A car was broken into and six storage lockers were ransacked

Flow Academy is located at 1511 Sutherland Avenue in Kelowna. (Michael Rodriguez - Capital News)
Black Press Media Weekly Roundup: Top headlines this week

Here’s a quick roundup of the stories that made headlines across the Okanagan, from April 11 to 16

Penticton bylaw officers tore down a “pretty significantly sized” homeless camp underneath the bridge near Riverside Drive Friday, April 16 morning. (Brennan Phillips - Western News)
Penticton bylaw tears down ‘significantly sized’ homeless camp under bridge

Many residents had made complaints about the camp before it was torn down

Vancouver Police Const. Deepak Sood is under review by the Independent Investigations Office of B.C. after making comments to a harm reduction advocate Sunday, April 11. (Screen grab)
VIDEO: Vancouver officer convicted of uttering threats under watchdog review again

Const. Deepak Sood was recorded Sunday saying ‘I’ll smack you’ and ‘go back to selling drugs’ to a harm reduction advocate

Provincial health officer Dr. Bonnie Henry prepares a daily update on the coronavirus pandemic, April 21, 2020. (B.C. Government)
B.C.’s COVID-19 infection rate persists, 1,005 new cases Friday

Hospitalization up to 425, six more virus-related deaths

Premier John Horgan receives a dose of the AstraZeneca COVID-19 vaccine at the pharmacy in James Bay Thrifty’s Foods in Victoria, B.C., on Friday, April 16, 2021. THE CANADIAN PRESS/Chad Hipolito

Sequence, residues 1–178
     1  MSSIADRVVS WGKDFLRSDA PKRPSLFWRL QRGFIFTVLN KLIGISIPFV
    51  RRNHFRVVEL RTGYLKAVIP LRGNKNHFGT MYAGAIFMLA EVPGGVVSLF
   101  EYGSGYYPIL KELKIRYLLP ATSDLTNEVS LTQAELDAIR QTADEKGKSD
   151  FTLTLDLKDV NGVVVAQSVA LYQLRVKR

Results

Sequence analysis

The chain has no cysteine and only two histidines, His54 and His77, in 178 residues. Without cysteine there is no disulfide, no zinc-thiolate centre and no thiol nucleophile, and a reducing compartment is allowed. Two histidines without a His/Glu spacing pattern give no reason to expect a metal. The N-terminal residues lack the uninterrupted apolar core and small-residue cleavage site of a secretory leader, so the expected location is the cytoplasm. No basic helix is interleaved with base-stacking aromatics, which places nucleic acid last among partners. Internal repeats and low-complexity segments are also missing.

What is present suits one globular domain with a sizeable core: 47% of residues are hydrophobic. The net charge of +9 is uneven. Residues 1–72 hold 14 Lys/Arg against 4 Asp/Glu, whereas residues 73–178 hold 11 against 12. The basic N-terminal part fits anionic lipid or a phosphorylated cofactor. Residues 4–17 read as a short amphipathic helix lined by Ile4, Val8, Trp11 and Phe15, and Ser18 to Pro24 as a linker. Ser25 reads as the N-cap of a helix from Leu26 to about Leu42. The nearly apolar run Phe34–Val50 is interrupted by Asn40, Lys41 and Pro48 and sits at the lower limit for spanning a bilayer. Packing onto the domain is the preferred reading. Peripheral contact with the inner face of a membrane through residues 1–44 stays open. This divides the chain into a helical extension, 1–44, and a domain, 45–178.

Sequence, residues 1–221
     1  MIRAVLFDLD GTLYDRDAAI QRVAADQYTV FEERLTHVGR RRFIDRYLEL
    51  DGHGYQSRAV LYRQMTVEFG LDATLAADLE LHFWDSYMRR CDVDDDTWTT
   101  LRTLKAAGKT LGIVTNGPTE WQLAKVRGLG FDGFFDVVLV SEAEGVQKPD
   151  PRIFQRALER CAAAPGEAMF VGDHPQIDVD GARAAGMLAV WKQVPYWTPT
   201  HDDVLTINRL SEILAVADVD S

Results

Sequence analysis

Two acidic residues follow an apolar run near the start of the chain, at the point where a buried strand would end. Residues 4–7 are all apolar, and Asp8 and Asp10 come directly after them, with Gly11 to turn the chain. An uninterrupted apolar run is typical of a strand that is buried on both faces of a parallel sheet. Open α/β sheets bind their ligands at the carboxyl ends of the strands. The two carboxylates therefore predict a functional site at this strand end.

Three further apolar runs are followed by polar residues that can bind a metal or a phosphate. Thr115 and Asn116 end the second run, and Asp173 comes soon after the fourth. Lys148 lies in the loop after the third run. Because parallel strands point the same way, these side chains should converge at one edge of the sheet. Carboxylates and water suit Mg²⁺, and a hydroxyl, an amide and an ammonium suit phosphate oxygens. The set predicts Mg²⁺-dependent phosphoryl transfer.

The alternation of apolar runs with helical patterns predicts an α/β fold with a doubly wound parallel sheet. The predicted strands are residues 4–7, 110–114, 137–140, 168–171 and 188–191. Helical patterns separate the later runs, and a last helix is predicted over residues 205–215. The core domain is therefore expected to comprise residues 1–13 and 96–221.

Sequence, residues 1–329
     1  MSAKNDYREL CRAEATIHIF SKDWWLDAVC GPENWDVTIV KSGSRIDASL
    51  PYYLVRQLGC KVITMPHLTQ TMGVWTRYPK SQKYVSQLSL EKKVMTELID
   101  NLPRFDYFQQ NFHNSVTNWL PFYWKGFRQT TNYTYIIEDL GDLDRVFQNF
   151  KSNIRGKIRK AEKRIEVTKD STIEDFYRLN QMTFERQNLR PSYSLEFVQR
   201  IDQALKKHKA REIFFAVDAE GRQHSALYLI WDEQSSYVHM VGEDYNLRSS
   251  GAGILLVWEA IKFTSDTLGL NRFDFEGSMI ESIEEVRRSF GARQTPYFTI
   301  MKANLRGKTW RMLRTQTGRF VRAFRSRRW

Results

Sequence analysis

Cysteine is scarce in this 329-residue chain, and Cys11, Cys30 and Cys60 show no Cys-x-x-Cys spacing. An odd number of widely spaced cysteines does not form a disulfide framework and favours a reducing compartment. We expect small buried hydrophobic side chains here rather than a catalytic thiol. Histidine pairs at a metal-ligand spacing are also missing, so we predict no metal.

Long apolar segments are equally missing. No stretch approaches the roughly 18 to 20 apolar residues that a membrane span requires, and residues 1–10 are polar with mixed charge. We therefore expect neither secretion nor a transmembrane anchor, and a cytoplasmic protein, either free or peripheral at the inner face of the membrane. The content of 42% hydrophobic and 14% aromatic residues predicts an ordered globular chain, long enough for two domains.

B.C. Premier John Horgan gets AstraZeneca shot, encourages others

27% of residents in B.C. have now been vaccinated against COVID-19

Cannabis bought in British Columbia (Ashley Wadhwani/Black Press Media)
Is it time to start thinking about greener ways to package cannabis?

Packaging suppliers are still figuring eco-friendly and affordable packaging options that fit the mandates of Cannabis Regulations

Ford F-350s have been targeted in the North Okanagan by auto thieves since February 2021, Vernon North Okanagan RCMP data shows. (Gene J. Puskar - The Canadian Press/AP file)
Auto thieves target older Ford F-350s in Vernon: RCMP

Vernon Mounties remind all motorists no vehicle is immune to auto crime

The Nautical Dog Cafe at Skaha marina is getting its patio ready in hopes Mother Nature will provide where provincial restrictions have taken away indoor dining. (Facebook)
‘A lot of instability’: B.C. restaurants in layoff limbo

As COVID-19 cases stay high, restaurants in British Columbia are closed to indoor dining

Prime Minister Justin Trudeau looks on as Deputy Prime Minister and Finance Minister Chrystia Freeland responds to a question during a news conference on Parliament Hill in Ottawa, Tuesday, Aug. 18, 2020. THE CANADIAN PRESS/Adrian Wyld
Expectations high as Trudeau Liberals get ready to unveil first pandemic budget

The Liberals will look to thread an economic needle with Monday’s budget

Most Read